Burkina Faso / Norbert Zongo Case: The African Court recognizes the responsibility of the State of Burkina Faso in the denial of justice for the victims

By IAfrica
In Press Releases
Apr 15th, 2014
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Burkina Faso / Norbert Zongo Case: The African Court recognizes the responsibility of the State of Burkina Faso in the denial of justice for the victims

PARIS, France, April 15, 2014/African Press Organization (APO)/ FIDH and MBDHP welcome the decision of the African Court of Human and Peoples’ Rights in the affair concerning the assassination of the Burkinabe journalist, Norbert Zongo, and of three of his companions. Almost 16 years after these acts, the Court recognises the role of Burkina Faso in denying justice for the beneficiaries of these four murdered men.

In its ruling of 8 March 2014, the African Court found that Burkina “failed to act with due diligence in seeking, trying and judging the assassins of Norbert Zongo and his companions” [and as a result violated] “the rights of the Applicants to be heard by competent national courts” [in violation of Articles 7 and 1 of the African Charter). Moreover, the Court decided that Burkina Faso had violated the right of the freedom of expression of journalists (in violation of Article 9 of the African Charter and of 66.2 of the Revised Treaty of the ECOWAS), insofar of its “failure … in the investigation and prosecution of the murderers of Norbert Zongo, caused fear and worry in media circles”. The Court, which has not yet ruled on the demands for reparation, has given 30 days for the two parties to submit their arguments on the issue.

“The assassination of Norbert Zongo remains a dark point in our recent political history, and the State, for not having rapidly considered such a symbolic case, is responsible for the denial of justice suffered by victims’ families. The African Court has just reminded the authorities of this failure. This is a first victory for human rights defenders in Burkina, who have been demanding truth and justice for Norbert Zongo and his companions for the past 16 years. This is also a victory for regional justice in the fight against impunity,” said Chrysogone Zougmoré, MBDHP President.

On 13 December 1998, Norbert Zongo, an investigative journalist and editor of the weekly news journal The Independent, his younger brother Ernest Zongo, and colleagues Abdoulaye Nikiema and Blaise Ilboudo, were found burned in a car that was taking them to southern Burkina Faso. Both families of the victims and the MBDHP tied these murders to the investigations led by Norbert Zongo on several political scandals, both economic and social, affecting Burkina Faso at the time, and for which he had complained of having received threats.

After dealing with the many flaws of the investigative procedure (the plaintiffs were only interviewed shortly before the seven-year investigations was to end, 5 of the 6 identified suspects were never prosecuted, the only one implicated was awarded an order of dismissal, after which the authorities failed to pursue other avenues) the victims’ families and the MBDHP decided to file a complaint with the African Court in December 2011. The Court based its findings on the deficiencies of the national procedures, and noted the absence of an effective remedy in the Burkinabe judiciary.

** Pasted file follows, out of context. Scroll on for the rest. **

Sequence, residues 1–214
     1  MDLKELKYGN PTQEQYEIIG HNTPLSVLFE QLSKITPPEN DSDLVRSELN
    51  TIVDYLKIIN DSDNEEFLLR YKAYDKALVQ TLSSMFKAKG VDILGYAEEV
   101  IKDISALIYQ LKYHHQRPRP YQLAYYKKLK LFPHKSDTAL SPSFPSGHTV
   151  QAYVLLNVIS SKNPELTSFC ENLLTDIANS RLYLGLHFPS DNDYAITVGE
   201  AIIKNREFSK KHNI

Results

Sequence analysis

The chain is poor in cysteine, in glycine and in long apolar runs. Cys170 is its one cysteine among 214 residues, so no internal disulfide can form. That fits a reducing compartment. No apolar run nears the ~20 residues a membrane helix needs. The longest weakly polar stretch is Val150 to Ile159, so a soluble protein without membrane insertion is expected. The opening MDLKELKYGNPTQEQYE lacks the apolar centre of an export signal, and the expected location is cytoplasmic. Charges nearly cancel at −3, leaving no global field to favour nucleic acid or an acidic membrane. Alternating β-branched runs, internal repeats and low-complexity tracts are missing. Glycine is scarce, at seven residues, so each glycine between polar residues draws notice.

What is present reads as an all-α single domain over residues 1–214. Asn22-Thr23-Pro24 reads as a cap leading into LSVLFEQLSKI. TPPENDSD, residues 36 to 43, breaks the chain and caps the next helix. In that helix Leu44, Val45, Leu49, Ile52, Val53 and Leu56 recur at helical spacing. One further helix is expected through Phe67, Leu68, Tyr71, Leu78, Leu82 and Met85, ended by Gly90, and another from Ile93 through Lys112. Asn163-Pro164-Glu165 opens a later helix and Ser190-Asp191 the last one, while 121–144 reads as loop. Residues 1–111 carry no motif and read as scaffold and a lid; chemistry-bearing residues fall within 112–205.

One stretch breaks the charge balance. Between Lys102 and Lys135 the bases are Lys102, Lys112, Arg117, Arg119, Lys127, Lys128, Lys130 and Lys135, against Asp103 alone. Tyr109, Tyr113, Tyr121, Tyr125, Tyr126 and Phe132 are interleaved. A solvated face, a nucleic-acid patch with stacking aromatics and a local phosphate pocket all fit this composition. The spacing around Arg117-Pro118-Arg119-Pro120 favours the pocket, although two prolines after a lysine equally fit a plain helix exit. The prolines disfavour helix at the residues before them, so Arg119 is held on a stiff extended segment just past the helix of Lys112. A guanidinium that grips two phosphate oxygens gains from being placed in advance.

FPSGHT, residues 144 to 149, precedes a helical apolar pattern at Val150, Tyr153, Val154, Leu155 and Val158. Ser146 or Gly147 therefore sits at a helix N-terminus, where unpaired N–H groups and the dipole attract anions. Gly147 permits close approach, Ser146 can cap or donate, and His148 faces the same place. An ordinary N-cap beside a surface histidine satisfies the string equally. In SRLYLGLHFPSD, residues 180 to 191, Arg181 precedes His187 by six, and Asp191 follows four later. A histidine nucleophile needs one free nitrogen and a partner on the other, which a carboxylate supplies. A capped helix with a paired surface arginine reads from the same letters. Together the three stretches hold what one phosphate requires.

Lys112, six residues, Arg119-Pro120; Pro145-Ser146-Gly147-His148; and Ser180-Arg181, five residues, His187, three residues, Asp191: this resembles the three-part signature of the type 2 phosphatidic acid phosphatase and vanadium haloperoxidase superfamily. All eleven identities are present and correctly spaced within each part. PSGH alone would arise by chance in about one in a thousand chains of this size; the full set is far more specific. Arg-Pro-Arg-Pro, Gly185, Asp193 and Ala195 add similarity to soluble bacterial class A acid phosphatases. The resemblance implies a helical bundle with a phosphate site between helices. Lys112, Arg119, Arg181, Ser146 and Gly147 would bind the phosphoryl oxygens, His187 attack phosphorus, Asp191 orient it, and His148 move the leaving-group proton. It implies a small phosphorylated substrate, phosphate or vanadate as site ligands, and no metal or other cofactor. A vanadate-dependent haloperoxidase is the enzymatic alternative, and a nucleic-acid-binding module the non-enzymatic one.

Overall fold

“The Judgment of the Court in the case of Norbert Zongo has a particular importance as it relates to the question of the effectiveness of national justice and the freedom of expression of journalists, two issues that go beyond the borders of Burkina,” said Sheila Muwanga Nabachwa, FIDH Vice President and focal point for the East African region of the Coalition for the African Court. “This decision clearly emphasises the primary responsibility of States to ensure access to justice and to protect fundamental freedoms”, she added.

For Mabassa Fall, FIDH Representative to the African Union, “this ruling proves once again that the African Court is an essential means of redress for victims of human rights violations that would not get justice before their national courts. Additionally, it shows that NGOs and individuals have a definite role to play in increasing the effectiveness of the regional judicial system.”

At the hearings before the African Court, Burkinabe authorities indicated the limitation period for the Zongo Affair by national courts is 31 August 2016. As such, FIDH and MBDHP call once again on Burkina Faso to take all necessary measures to shed light on the circumstances surrounding these killings, establish the identity of those responsible, and bring the perpetrators to justice.

The African Court on Human and Peoples’ Rights

Created in 1998 to ensure the protection of human rights on the African continent, the African Court of Human and Peoples’ Rights has jurisdiction over all cases and all disputes concerning the interpretation and application of the African Charter on Human and Peoples’ rights and any other relevant human rights instrument ratified by the States concerned. In operation since 2006, its decisions are binding. To date, twenty seven (27) States have ratified the Protocol to the African Charter establishing the African Court, but only seven countries, including Burkina Faso, have made a special declaration under Article 34.6 of the Protocol which allows individuals and NGOs to appeal directly to the Court. The effectiveness of the Court is thus frequently called into question by the very low number of States allowing citizens to directly appeal to it.

For more information on the case Beneficiaries of the late Norbert Zongo, Abdoulaye Nikiema Ablasse, Ernest Zongo, and Blaise Ilboudo and the Burkinabe Movement for Human and Peoples’ Rights. v . Burkina Faso, please refer to the African Court, MBDHP and FIDH webpages.

SOURCE 

International Federation of Human Rights (FIDH)

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